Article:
Until now, the city’s location has only been known from ancient texts. Although archaeologists had a rough idea of where it was, they had no tangible proof.
According to the Greek Culture Ministry, an excavation which began in 2013 near the modern-day village of Hiliomodi 60km southwest of Athens has finally produced hard evidence of the city’s existence.
Lead archaeologist Elena Korka told the Associated Press that her team had only been digging the cemeteries around Tenea until now, but this year began work on the city itself.
So far, her team has uncovered the remains of a housing settlement, jewellery, household pottery, several burials, and coins dating from 400 BC to late Roman times.
Carefully-constructed walls as well as clay, stone and marble floors were uncovered, and around 200 rare coins, including one designed to pay for the journey to an afterlife, were also found.
Seven graves – including one containing the remains of a woman and child – were unearthed, adorned with vases and jewellery.
Lead archaeologist Elena Korka said that the discoveries suggest that the citizens of Tenea had been “remarkably affluent”.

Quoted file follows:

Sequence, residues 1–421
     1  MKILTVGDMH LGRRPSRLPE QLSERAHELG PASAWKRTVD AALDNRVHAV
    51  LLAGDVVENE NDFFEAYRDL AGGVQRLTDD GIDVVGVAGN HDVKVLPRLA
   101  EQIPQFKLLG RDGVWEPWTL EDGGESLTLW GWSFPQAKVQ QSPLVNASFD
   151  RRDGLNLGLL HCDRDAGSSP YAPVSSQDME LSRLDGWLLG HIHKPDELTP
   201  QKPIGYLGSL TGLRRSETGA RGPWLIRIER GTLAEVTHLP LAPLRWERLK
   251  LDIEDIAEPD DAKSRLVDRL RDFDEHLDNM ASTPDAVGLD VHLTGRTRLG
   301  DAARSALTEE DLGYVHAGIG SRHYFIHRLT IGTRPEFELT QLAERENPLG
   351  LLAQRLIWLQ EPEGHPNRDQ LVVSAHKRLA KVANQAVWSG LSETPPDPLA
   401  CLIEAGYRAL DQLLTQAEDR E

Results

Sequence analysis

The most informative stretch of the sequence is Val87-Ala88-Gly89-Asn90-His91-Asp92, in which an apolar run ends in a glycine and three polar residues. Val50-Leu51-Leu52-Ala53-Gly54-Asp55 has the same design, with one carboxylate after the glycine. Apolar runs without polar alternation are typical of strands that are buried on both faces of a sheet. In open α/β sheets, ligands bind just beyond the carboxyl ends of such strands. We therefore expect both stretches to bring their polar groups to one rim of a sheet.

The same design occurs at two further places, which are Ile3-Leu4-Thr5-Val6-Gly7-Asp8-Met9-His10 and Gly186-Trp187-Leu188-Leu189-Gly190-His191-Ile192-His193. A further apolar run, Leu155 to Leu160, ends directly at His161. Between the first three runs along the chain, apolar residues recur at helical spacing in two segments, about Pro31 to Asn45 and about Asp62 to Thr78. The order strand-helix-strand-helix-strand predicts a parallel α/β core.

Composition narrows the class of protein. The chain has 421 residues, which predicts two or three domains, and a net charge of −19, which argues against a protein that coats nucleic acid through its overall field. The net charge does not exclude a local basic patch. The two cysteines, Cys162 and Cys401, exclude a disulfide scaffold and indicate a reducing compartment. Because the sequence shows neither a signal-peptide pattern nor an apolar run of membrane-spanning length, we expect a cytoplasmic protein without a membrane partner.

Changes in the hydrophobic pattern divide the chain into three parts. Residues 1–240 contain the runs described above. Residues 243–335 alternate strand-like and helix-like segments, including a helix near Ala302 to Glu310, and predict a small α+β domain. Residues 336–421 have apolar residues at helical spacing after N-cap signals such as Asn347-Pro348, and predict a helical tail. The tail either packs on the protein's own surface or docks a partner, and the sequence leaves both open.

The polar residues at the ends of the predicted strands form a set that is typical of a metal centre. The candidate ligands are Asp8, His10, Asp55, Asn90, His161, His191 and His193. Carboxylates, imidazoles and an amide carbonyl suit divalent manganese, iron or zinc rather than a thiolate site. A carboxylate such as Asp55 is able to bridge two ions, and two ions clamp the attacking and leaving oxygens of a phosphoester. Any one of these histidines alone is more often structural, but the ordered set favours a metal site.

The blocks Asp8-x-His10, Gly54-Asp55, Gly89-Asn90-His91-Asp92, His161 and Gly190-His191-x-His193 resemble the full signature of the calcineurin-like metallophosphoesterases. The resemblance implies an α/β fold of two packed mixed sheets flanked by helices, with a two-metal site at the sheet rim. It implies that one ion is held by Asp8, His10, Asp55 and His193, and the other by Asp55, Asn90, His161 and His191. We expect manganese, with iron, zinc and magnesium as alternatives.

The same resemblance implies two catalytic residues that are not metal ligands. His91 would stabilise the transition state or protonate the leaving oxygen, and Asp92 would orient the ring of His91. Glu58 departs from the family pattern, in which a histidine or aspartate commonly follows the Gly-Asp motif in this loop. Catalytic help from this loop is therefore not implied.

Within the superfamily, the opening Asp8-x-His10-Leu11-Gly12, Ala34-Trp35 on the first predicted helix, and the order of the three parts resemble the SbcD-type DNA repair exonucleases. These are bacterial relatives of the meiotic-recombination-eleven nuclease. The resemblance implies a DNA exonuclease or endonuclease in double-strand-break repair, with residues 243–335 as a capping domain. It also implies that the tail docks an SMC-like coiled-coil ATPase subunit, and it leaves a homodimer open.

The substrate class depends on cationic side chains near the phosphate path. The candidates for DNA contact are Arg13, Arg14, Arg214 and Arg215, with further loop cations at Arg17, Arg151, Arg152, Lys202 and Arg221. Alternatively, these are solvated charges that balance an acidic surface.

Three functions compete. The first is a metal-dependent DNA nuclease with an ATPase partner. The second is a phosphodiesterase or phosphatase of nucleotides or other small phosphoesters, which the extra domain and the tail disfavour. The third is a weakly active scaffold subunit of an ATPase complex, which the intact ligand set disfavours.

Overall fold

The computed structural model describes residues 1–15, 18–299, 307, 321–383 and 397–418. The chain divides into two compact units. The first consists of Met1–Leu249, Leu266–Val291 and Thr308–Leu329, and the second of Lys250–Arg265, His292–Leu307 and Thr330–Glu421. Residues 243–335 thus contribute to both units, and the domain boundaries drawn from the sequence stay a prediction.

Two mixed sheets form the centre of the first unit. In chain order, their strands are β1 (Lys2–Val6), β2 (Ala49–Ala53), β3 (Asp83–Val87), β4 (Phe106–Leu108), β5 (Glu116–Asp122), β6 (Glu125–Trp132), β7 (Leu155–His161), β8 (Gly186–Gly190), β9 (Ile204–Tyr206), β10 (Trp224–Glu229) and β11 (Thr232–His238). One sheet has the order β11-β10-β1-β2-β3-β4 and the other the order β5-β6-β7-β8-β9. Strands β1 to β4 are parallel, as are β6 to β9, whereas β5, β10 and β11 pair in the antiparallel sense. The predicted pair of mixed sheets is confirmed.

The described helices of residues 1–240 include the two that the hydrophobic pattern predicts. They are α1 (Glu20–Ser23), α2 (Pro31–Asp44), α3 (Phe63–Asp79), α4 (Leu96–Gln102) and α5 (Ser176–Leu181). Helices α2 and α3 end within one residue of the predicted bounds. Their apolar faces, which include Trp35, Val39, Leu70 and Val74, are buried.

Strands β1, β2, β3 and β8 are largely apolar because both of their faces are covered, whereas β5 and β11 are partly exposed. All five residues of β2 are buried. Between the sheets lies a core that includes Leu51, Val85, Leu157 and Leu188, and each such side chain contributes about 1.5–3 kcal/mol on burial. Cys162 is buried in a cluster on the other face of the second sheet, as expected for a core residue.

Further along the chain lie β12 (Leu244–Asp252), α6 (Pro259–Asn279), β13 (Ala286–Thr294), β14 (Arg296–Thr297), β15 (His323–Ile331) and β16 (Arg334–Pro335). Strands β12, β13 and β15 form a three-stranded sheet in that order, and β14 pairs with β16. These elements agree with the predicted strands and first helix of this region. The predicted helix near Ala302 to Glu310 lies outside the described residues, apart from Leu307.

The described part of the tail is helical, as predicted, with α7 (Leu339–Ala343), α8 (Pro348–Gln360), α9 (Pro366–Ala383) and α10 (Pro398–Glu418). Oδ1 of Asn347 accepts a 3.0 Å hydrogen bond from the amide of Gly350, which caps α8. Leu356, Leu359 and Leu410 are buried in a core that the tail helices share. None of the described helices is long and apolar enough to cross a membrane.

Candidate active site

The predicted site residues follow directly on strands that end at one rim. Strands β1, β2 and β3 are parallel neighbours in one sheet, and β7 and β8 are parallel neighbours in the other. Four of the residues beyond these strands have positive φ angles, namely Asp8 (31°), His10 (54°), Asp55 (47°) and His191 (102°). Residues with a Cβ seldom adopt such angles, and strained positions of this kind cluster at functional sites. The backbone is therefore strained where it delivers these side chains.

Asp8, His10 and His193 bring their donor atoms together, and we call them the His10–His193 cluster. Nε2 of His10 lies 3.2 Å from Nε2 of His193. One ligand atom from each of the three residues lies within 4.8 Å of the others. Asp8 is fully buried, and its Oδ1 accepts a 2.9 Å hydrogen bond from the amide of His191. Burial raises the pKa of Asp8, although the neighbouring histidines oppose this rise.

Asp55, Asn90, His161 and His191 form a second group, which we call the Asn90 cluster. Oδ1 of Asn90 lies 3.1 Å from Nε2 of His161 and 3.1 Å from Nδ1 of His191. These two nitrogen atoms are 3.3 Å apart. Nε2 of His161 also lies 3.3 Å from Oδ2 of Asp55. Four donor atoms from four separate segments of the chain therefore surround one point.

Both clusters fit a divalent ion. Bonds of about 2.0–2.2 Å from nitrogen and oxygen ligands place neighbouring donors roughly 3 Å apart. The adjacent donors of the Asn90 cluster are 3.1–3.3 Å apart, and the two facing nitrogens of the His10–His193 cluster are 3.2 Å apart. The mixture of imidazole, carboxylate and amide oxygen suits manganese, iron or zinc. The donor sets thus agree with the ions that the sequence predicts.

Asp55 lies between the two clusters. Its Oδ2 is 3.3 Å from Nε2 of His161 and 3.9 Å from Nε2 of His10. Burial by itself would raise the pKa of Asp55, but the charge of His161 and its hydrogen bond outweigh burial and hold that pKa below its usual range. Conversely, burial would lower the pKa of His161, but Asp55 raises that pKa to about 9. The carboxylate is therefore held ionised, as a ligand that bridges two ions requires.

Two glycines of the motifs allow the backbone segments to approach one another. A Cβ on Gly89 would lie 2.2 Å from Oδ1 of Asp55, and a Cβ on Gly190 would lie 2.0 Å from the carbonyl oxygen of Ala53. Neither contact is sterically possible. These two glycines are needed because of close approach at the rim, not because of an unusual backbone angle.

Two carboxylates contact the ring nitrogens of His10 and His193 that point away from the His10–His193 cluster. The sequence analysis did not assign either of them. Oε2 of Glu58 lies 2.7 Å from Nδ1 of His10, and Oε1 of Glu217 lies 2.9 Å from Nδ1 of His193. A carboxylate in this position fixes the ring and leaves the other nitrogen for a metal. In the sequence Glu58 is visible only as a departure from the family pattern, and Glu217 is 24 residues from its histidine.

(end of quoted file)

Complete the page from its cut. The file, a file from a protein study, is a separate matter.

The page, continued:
She said the city would have been located on a key trade route between the main cities of Corinth and Argos in the northern Peloponnese, and that the city “had distinctive pottery shapes with eastern influences, maintained contacts with both east and west… and had its own thinking, which, to the extent that it could, shaped its own policies”.
Little is known about Tenea, but legend has it that it was founded by Trojans who had been captured by King Agamemnon of Mycenae during his war with Troy in the 1200-1300 BC.
The city is thought to have flourished during the Roman era but may have been abandoned by 400 AD.
Korka said more details about the city will emerge as excavations continue over the coming years.
DigVentures crowdfunds archaeological projects that everyone can be part of, in the UK and overseas. With help from people all over the world, we investigate the past and publish our discoveries online for free. Become a DigVentures Subscriber and be part of great archaeology - all year round!Subscribe